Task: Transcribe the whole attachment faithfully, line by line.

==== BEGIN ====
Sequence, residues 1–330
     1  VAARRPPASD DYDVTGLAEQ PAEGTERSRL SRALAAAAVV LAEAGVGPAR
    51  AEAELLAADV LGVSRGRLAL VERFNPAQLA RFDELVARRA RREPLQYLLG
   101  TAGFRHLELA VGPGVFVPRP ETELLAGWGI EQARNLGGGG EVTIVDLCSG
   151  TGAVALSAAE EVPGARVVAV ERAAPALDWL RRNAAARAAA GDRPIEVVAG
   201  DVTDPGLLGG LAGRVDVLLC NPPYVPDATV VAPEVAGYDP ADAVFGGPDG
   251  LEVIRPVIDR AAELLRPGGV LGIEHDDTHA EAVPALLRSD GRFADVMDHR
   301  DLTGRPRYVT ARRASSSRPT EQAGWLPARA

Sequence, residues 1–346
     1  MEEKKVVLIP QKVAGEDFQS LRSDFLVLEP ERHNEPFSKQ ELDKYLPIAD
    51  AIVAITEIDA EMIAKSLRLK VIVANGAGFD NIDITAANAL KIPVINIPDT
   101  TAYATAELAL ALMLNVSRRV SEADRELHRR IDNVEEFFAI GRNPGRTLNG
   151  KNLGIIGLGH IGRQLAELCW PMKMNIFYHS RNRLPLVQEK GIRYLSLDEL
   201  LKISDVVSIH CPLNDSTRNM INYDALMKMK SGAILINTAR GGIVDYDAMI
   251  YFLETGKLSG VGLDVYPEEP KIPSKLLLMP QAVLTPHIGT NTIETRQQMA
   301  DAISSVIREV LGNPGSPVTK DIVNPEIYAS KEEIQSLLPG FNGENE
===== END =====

Sequence, residues 1–330
     1  VAARRPPASD DYDVTGLAEQ PAEGTERSRL SRALAAAAVV LAEAGVGPAR
    51  AEAELLAADV LGVSRGRLAL VERFNPAQLA RFDELVARRA RREPLQYLLG
   101  TAGFRHLELA VGPGVFVPRP ETELLAGWGI EQARNLGGGG EVTIVDLCSG
   151  TGAVALSAAE EVPGARVVAV ERAAPALDWL RRNAAARAAA GDRPIEVVAG
   201  DVTDPGLLGG LAGRVDVLLC NPPYVPDATV VAPEVAGYDP ADAVFGGPDG
   251  LEVIRPVIDR AAELLRPGGV LGIEHDDTHA EAVPALLRSD GRFADVMDHR
   301  DLTGRPRYVT ARRASSSRPT EQAGWLPARA

Sequence, residues 1–346
     1  MEEKKVVLIP QKVAGEDFQS LRSDFLVLEP ERHNEPFSKQ ELDKYLPIAD
    51  AIVAITEIDA EMIAKSLRLK VIVANGAGFD NIDITAANAL KIPVINIPDT
   101  TAYATAELAL ALMLNVSRRV SEADRELHRR IDNVEEFFAI GRNPGRTLNG
   151  KNLGIIGLGH IGRQLAELCW PMKMNIFYHS RNRLPLVQEK GIRYLSLDEL
   201  LKISDVVSIH CPLNDSTRNM INYDALMKMK SGAILINTAR GGIVDYDAMI
   251  YFLETGKLSG VGLDVYPEEP KIPSKLLLMP QAVLTPHIGT NTIETRQQMA
   301  DAISSVIREV LGNPGSPVTK DIVNPEIYAS KEEIQSLLPG FNGENE